Primary Outcome Measures:
  • Reduction in AF burden after ablation [ Time Frame: One year ]
    Reduction in proportion of time in atrial fibrillation as detected by an implantable loop recorder

  • Time to recurrence of persistent AF [ Time Frame: 1 year ]

Secondary Outcome Measures:
  • Time to recurrence of atrial fibrillation after ablation [ Time Frame: One year ]
    Time to first detected episode of atrial fibrillation after ablation, outside a 3 month blanking period

  • Time to recurrence of symptomatic atrial fibrillation after ablation [ Time Frame: One year ]
    Time to first detected symptomatic episode of atrial fibrillation after ablation, outside a 3 month blanking period

  • New MRI-detected subclinical cerebral ischaemia [ Time Frame: 1 year ]

Enrollment: 0
Study Start Date: November 2012
Estimated Study Completion Date: November 2014
Estimated Primary Completion Date: November 2014 (Final data collection date for primary outcome measure)
Arms Assigned Interventions
Active Comparator: Percutaneous ablation Device: Implantation of implantable loop recorder
An implantable loop recorder (ILR) will be used to assess atrial fibrillation(AF) before and after DCCV or ablation, unless there is a pre-existing ILR or permanent pacemaker capable of continuous monitoring for occurrence of AF.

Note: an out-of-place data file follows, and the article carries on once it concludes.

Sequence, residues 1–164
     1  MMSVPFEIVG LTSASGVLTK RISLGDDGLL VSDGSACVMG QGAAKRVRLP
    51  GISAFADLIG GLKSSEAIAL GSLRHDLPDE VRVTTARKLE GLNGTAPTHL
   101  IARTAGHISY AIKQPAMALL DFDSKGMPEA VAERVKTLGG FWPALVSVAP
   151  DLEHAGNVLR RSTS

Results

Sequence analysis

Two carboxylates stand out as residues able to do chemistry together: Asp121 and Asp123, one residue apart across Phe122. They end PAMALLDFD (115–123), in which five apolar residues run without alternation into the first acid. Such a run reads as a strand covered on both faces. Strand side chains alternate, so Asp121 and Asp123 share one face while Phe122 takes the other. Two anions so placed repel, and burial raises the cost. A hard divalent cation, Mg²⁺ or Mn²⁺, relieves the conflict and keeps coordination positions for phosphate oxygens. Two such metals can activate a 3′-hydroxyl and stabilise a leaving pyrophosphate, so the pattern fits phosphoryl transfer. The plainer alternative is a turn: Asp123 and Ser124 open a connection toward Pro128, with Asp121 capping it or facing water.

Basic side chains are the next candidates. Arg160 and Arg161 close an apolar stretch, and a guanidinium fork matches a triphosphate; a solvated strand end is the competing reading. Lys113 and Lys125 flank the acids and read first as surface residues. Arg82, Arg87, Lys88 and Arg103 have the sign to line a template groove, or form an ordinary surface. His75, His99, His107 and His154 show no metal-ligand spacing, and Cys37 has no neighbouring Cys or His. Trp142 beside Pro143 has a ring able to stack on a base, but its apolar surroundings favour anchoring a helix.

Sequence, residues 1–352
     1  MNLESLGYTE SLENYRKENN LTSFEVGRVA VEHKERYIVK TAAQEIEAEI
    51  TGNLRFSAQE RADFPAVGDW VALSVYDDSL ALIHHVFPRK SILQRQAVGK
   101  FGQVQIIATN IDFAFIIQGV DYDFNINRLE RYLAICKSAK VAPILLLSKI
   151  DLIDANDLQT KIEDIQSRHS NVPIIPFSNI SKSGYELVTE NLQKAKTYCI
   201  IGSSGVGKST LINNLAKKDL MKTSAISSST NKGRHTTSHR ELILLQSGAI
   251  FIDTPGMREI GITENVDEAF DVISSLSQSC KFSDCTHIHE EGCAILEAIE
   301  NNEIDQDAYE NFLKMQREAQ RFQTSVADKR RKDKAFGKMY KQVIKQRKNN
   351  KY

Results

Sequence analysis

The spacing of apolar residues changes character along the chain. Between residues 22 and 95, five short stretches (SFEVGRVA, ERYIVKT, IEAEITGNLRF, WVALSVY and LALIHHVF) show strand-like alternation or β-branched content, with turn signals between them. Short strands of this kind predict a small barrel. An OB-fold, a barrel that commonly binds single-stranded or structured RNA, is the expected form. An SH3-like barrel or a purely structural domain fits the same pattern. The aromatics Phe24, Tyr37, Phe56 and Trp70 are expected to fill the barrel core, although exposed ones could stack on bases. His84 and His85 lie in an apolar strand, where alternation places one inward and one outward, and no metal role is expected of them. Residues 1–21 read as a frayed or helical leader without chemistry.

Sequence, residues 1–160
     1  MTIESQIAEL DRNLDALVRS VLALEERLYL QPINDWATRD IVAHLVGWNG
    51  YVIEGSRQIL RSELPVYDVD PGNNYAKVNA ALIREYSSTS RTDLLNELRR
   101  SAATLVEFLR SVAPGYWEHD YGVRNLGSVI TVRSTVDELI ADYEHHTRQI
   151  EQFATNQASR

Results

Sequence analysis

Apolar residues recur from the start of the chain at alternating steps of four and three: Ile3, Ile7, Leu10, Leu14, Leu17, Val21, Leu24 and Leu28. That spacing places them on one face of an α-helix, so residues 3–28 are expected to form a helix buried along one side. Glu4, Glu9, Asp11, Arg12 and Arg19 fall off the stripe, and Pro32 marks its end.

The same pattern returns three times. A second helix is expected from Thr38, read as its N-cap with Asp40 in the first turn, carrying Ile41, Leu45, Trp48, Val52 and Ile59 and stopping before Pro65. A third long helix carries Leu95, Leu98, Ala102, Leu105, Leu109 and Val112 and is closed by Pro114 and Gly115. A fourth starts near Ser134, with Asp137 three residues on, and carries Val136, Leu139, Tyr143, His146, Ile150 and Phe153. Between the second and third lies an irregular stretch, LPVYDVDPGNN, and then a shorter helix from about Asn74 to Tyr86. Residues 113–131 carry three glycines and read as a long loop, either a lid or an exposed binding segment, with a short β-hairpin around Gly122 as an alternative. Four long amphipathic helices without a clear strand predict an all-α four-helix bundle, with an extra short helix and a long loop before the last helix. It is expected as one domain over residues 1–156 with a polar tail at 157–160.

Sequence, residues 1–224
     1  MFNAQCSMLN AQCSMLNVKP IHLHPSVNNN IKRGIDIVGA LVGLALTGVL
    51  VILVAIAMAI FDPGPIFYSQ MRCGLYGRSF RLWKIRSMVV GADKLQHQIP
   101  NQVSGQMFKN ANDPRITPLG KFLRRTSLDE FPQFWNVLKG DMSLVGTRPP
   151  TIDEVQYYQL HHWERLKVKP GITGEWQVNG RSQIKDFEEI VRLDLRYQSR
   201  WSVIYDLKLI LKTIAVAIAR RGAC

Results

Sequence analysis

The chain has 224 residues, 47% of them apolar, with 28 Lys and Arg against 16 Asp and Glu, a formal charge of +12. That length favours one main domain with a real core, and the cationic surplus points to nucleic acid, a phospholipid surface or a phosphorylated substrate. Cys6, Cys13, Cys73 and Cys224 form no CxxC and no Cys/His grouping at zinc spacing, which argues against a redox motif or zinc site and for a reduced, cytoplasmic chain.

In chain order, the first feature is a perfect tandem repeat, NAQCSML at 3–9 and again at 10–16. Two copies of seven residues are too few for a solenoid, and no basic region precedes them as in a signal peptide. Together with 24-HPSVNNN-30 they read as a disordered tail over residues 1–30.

Procedure: Percutaneous ablation of atrial fibrillation
Catheter-based percutaneous ablation of atrial fibrillation
Active Comparator: Surgical ablation Device: Implantation of implantable loop recorder
An implantable loop recorder (ILR) will be used to assess atrial fibrillation(AF) before and after DCCV or ablation, unless there is a pre-existing ILR or permanent pacemaker capable of continuous monitoring for occurrence of AF.
Procedure: Surgical ablation of atrial fibrillation
Minimally-invasive thoracoscopic surgical ablation of atrial fibrillation
Active Comparator: DCCV
Direct current cardioversion
Device: Implantation of implantable loop recorder
An implantable loop recorder (ILR) will be used to assess atrial fibrillation(AF) before and after DCCV or ablation, unless there is a pre-existing ILR or permanent pacemaker capable of continuous monitoring for occurrence of AF.

  Eligibility

Information from the National Library of Medicine